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Using seeds from what you eat

Gardening and planting are an essential spring pastime for those with backyards or those who just love to fill their home with pots and greenery. March is the perfect time to start sprouting those seeds. If you don’t want to spend money on buying seeds or you’re still new at this, try using the seeds of fruits that are already in your kitchen.


Early spring planting can start from your own kitchen. You don’t need to be a pro. There are some easy-to-follow steps for sprouting seeds from fruits you already have in your kitchen.


Start by removing the pit from the fruit, without puncturing or cutting it; wash and dry it. Next, push four toothpicks into the middle of the pit, forming a cross/plus sign. Rest the toothpicks on the rim of a small, shallow container with the fatter end of the pit down. Fill the container with enough water to cover the end of the pit about an inch. Change the water every four to five days, allowing six to eight weeks for roots to grow and a stem begin to sprout. Then, remove the toothpicks, plant the seed in a pot or in your front yard and attend to it with the rest of your plants.


Peach pits are very easy to plant. All they need is a bit of time and patience! If you don’t have the outdoor space for a full peach tree, keep it indoors in a pot as a green, living decoration; it might not produce a fruit, but it will keep growing, adding variety to your indoor plant collection. So, start by removing the peach pit, then washing and drying it. Wrap it in a dry paper towel; be sure that it remains dry, or else the pit will mould. Place the wrapped seed in the fridge and leave it stored for two to three months. When the pit starts to sprout, move it into rich soil, either outdoors or indoors, and water it regularly with the rest of your plants.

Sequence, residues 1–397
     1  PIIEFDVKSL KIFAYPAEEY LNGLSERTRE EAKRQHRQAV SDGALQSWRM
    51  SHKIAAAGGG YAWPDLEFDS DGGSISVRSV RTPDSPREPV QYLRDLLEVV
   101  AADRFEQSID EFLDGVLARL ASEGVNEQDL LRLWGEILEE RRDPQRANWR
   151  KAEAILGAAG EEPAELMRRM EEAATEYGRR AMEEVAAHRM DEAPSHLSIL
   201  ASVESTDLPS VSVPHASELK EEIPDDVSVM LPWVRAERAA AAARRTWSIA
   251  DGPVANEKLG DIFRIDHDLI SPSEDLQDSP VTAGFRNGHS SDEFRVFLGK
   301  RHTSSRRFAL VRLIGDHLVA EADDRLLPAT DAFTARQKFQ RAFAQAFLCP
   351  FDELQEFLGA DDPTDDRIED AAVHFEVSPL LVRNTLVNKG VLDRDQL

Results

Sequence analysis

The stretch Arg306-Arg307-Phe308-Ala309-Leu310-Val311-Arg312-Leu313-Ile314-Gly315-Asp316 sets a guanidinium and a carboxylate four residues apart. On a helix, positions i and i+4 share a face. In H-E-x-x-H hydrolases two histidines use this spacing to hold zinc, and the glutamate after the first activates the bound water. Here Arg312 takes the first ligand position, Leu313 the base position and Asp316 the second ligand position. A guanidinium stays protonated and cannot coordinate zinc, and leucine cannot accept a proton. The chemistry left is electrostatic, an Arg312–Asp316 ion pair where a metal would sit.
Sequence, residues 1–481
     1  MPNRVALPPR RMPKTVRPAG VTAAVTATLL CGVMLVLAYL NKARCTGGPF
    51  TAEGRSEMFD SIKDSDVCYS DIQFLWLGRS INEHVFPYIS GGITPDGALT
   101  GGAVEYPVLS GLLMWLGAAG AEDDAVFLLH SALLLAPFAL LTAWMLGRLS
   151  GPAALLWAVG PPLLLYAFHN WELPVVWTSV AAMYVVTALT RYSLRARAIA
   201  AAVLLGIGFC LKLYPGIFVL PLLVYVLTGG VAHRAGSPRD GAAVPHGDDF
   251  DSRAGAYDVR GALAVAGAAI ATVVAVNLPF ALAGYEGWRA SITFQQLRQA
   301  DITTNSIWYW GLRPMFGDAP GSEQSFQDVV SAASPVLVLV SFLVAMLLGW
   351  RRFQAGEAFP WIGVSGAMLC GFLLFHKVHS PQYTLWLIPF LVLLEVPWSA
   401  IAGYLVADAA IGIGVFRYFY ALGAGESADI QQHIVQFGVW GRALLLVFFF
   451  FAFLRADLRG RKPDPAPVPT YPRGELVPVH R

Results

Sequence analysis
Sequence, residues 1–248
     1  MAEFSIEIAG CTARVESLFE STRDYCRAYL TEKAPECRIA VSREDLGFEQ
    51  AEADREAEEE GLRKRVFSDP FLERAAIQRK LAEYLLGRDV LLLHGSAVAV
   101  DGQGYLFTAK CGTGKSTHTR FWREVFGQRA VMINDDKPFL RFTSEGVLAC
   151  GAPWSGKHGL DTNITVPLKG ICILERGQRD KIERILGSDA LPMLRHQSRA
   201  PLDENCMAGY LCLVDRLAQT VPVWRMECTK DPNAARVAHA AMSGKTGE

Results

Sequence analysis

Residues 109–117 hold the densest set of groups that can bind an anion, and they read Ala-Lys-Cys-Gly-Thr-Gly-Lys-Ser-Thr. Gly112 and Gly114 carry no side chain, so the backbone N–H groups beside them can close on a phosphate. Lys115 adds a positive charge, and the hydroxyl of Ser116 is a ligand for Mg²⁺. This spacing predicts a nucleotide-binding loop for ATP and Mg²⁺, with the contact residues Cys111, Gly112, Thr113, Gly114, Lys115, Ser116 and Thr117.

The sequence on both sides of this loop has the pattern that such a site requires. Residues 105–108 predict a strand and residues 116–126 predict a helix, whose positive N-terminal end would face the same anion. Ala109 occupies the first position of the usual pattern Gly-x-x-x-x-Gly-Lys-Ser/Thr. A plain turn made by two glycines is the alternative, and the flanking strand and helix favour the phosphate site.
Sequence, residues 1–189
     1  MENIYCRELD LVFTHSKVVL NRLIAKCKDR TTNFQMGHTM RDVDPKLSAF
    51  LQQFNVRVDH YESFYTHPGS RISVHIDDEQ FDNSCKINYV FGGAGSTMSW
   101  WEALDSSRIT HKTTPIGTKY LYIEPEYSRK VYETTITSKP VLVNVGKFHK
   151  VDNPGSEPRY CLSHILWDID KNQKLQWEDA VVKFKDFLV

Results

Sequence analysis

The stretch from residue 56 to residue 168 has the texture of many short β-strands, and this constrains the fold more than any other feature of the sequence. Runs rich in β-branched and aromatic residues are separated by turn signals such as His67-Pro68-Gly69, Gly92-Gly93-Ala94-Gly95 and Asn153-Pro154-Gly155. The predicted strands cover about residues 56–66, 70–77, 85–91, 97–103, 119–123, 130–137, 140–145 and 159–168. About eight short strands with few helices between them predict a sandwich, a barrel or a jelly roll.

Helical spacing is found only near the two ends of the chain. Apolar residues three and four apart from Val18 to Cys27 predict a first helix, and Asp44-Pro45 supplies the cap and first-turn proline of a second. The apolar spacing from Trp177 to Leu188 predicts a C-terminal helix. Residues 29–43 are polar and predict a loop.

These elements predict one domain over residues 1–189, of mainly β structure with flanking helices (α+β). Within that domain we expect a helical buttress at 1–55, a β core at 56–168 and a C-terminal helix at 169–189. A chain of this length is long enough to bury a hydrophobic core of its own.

Kiwi might be a little more demanding than avocado or peaches. But it’s a lot of fun to plant!

To start, scrape out the seeds from a kiwi and clean as much flesh from them as you can. Bury the seeds in a small pot of soil, cover it and keep it in the fridge for two to three weeks. Then, move the seeds into another pot of soil and alternate temperatures; for example, place the pot in a sunny corner by the window during the day and in a cooler place, perhaps outdoors, at night. This will artificially create the perfect climate for kiwi seed germination. It’s the perfect seed to start growing in March.

more on gardening and planting

Mom’s guide to gardening with toddlers and preschoolers
4 Gardening apps for your green thumb
How to grow a garden without a yard

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